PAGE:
There seems to be no clear definition of what intelligence is, and thus this poses an interesting question: Can one actually demonstrate intelligence (at work and beyond) or do we just imitate the idea of intelligence?
Of course, we want to believe that we demonstrate intelligence in almost everything we do, but let’s think about it from the perspective of the hierarchy of causal reasoning defined by Judea Pearl (one of leading experts in causality).
He defines 3 levels of causal reasoning:
- Seeing (association) – detect regularities in the environment (correlations).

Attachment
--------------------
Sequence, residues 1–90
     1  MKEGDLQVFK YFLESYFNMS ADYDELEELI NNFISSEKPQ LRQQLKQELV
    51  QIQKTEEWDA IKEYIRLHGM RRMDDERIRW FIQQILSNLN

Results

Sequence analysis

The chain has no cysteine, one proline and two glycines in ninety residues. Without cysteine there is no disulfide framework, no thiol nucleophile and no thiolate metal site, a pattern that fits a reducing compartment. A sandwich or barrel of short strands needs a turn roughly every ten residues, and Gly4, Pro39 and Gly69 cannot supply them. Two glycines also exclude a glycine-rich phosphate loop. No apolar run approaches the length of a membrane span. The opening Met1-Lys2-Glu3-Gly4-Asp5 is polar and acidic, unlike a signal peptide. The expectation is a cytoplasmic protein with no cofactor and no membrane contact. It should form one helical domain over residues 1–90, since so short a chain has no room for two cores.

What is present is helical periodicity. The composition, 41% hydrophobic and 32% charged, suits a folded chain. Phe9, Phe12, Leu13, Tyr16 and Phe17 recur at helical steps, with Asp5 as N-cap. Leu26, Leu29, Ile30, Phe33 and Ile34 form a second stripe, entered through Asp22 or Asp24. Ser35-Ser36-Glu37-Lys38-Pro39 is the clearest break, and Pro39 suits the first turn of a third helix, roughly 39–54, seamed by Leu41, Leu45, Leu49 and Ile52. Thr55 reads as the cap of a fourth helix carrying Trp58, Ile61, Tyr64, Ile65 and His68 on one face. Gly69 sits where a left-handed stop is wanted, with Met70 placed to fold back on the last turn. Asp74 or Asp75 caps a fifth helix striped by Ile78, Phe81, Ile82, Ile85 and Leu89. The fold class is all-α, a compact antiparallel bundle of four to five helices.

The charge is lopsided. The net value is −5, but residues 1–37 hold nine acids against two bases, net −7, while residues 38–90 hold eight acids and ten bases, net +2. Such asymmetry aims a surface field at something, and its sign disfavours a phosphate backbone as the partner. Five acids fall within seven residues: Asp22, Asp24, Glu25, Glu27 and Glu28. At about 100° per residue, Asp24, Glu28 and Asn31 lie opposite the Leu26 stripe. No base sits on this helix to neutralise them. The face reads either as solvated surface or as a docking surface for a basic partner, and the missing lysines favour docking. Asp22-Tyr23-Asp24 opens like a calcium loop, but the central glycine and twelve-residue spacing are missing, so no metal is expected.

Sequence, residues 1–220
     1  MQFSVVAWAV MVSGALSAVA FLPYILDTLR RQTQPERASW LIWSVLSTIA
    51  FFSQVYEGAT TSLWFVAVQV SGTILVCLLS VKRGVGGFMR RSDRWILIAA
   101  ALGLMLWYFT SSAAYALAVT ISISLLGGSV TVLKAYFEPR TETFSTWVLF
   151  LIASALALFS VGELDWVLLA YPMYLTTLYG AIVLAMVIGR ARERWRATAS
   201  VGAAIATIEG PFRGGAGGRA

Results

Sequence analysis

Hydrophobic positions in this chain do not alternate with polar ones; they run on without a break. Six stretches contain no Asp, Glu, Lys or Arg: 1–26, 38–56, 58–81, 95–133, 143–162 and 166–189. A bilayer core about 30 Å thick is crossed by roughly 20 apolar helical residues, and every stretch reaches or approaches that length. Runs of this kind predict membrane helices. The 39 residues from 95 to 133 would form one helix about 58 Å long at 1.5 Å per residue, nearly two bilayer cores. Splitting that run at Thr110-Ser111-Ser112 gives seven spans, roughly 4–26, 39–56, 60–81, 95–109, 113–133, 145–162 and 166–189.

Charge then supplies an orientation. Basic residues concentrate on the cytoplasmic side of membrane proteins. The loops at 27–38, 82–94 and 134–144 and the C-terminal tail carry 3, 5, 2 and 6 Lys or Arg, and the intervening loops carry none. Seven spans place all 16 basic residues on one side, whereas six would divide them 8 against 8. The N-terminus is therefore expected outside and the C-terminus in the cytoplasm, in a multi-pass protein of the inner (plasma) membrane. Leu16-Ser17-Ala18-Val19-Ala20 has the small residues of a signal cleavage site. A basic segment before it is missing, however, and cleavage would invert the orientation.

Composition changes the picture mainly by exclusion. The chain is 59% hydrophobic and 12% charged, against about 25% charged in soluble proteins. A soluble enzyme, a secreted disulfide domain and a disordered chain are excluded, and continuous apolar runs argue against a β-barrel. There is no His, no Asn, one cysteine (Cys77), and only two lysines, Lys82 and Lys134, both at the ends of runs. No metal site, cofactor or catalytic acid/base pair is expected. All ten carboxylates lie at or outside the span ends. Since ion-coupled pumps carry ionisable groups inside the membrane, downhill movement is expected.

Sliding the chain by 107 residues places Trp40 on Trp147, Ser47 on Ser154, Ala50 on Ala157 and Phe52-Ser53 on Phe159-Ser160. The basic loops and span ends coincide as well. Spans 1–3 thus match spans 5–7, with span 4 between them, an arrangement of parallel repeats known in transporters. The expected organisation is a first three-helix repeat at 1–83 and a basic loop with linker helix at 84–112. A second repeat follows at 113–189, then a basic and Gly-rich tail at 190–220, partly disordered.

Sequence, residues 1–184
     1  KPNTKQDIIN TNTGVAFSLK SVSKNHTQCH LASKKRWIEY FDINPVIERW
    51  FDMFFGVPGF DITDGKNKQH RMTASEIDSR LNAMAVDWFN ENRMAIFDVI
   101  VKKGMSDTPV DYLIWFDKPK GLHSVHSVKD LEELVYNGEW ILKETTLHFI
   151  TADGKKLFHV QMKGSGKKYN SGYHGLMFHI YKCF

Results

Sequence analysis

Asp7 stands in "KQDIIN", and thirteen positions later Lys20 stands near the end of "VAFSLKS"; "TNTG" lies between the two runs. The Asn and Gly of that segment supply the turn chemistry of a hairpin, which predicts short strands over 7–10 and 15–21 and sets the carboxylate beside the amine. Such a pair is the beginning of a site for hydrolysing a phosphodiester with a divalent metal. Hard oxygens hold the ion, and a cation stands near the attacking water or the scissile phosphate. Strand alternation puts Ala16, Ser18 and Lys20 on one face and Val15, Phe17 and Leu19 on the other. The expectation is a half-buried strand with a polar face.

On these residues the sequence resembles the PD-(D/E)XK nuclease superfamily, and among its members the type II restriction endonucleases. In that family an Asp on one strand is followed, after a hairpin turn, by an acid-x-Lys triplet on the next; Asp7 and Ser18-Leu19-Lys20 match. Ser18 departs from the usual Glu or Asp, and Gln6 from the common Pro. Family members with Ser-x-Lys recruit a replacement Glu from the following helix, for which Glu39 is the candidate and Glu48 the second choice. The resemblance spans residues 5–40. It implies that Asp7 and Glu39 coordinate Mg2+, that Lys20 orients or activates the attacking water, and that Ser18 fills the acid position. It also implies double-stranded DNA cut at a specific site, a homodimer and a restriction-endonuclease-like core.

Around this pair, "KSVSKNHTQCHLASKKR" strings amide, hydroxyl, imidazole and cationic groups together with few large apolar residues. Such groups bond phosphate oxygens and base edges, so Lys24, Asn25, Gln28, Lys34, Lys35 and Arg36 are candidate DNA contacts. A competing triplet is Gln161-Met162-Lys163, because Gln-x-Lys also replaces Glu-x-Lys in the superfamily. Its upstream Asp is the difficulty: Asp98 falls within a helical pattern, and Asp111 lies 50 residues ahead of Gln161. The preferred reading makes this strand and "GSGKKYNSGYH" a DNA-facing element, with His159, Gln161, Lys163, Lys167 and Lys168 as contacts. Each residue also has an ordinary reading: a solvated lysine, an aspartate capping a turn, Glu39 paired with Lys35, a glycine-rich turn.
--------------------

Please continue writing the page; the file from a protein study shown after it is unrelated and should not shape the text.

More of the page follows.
- Doing (intervention) – predict interactions in the environment (like what will happen if we raise a price twice).
- Imagine – something totally new (new product, process, etc.).
Product development requires the full potential of our intelligence, so we need to operate in the seeing, doing, and imagining. Data analysis techniques and tools help us to solve the former by finding correlations in data, but the second and third practices are up to us as human beings.
If you are interested in more information about causality, read the book written by Judea Pearl: The Book of Why: The New Science of Cause and Effect
How often in your work you use all three levels of causal reasoning?